Hamilton to face scrutiny over driving

Lewis Hamilton will face fresh scrutiny from his rivals in Friday's drivers' briefing in China about his on-track behaviour, although fellow racers deny they are ganging up on the world championship leader

Hamilton to face scrutiny over driving

Grand Prix Drivers' Association (GPDA) director Mark Webber and Jarno Trulli have both said they will raise Hamilton's conduct with F1 race director Charlie Whiting when they gather for their meeting on Friday evening.

But amid an increased focus on Hamilton's driving etiquette following a controversial Japanese Grand Prix, both deny there is any specific campaign against the Briton.

Trulli is upset about the way Hamilton behaved when the Italian tried to lap him during the Fuji race - claiming he lost valuable seconds that cost him the chance of beating Nelson Piquet's Renault for fourth place.

"I am definitely unhappy," Trulli told autosport.com about his views on Hamilton's driving in Japan. "I was leading the race, he was lapped and for two laps he held me up. This cost me 1.5 seconds, which if we are going to put it back on my second pitstop could have given me the chance to stay ahead of Renault after the stop.

"I am not saying I would have finished in front, but sometimes thing like this can change a lot. Lewis did not even watch the mirrors because he came back on the track right in front of me and he held me up for two laps. And probably he should have paid more attention because he was more or less out of the race. He was dead last and I don't understand why."

Webber has said he wants to raise with Whiting the way that Hamilton approached the first corner in Fuji - even though the Briton was already handed a drive-through penalty for forcing Kimi Raikkonen off the track.

"The braking areas is an issue because you cannot move around in the braking areas like that," said Webber. "We lost a marshal at Monza (in 2000) when there were guys moving around in the braking areas and it is very hard to change your line if you don't know what is going to come. That is the only thing that we need to look at."

Despite their feelings about aspects of Hamilton's driving, both drivers denied that rivals were picking on the Briton amid his challenge for the world championship.

Trulli said: "I don't comment on Lewis' driving because honestly I can comment only on what happened to me. In the end I don't want to get involved in any speculation or discussions. He has done some good things and some bad things, as has every driver. It is difficult to judge.

"I would feel it is unfair to talk about him. It is better to discuss it with him and tell him, as I will do tomorrow.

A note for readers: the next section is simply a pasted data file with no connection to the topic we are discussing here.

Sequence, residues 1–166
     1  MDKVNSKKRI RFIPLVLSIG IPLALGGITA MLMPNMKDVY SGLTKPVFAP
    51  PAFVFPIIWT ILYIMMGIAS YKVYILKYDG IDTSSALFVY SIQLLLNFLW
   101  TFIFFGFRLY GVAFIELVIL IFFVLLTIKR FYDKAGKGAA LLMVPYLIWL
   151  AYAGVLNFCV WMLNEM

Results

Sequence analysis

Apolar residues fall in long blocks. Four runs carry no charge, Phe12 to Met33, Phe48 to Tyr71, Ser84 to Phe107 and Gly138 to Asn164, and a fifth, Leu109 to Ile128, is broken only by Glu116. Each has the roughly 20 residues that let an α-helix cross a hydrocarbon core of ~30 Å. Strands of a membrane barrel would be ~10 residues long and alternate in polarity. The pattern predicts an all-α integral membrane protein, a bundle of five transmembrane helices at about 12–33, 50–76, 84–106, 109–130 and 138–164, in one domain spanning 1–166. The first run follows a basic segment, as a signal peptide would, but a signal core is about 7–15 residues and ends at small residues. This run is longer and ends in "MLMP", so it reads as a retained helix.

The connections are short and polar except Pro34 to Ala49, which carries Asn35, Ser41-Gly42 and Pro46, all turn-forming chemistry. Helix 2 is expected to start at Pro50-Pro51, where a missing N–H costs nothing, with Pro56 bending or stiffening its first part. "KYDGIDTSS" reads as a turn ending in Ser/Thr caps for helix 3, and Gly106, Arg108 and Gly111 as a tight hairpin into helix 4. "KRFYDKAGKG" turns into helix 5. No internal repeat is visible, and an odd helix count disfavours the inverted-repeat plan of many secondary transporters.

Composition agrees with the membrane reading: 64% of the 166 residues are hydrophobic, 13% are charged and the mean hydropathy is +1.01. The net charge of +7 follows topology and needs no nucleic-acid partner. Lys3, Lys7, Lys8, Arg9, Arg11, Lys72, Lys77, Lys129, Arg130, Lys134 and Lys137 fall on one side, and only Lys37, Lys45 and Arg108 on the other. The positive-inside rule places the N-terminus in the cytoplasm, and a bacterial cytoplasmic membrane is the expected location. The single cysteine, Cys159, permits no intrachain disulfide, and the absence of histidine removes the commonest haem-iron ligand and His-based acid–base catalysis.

"I will go in the drivers' briefing and I will say to Charlie, this is what happened and I believe Lewis could have handled it in a different way because it was not fair. But I am not going against anyone.

"I am not the kind of person who, if I don't get on with them, I make it a war of words. I just want an easy life without fighting; I just want to make the sport fair for everyone. I don't care if you are driving a top team car or the last car, I expect everyone to be treated the same."

Webber conceded that there were times when Hamilton's driving had caused him concern but said that such a situation was no different from how he felt about other drivers.

"He is a phenomenal talent," explained Webber. "Everyone has got strengths and weaknesses, and I haven't seen what he did with Jarno in terms of backmarkers.

"Monza was a tough race for him in terms of what he did to me, what he did to (Timo) Glock at the Curva Grande, what he did to Fernando, so in his eyes it is fine.

"And he didn't get a penalty in Monza, so he didn't do anything wrong in Monza in anyone's eyes, so that was fine. But his respected colleagues are sometimes saying, 'mate it doesn't need to be like that all the time'."

Webber added: "The first corner in Fuji was pretty wild. He was having a crack but if someone was sitting on his right rear when he pulled out there then that was a crash.

"There was also no way he was going to make the first corner. But that is not illegal to outbrake yourself. We want to have a bit of a chat about moving around in the braking areas. I am not smashing Hamilton but it is about how you move on. Tiger Woods learns. Roger Federer learns. And Lewis is going through that."

When asked by autosport.com if there were similarities between how rivals viewed Hamilton and how they often focused on Michael Schumacher's driving tactics, Webber said: "Yeah, could be.

"I think he is always going to be under the spotlight, that is the problem with Lewis. He is always under this light, which he would not necessarily want - he just wants to win his first world title. Being under this spotlight for various other reasons - whether they are the politics of the sport, his skin, or whatever it is I don't know.

"I think there have been a few occasions where he has learned. Michael was doing this stuff when he had all this experience under his belt, Lewis is still in only his second year of F1. You go back to Fuji last year in terms of how he handled the safety car, it was ridiculous."

Jenson Button also denied that drivers were specifically targeting Hamilton - and reckoned Fernando Alonso's claims he wants to see Felipe Massa win the title were just a bit of fun.

"If somebody has a problem with someone then they voice their opinion, but no one has targeted another driver," said Button. "There's never any arguments between drivers. There's never really any bad banter.

"Alonso is only saying what he has said because he just wants a reaction from everyone. He is not in the championship, so he just wants a bit of action. It's quite comical really."

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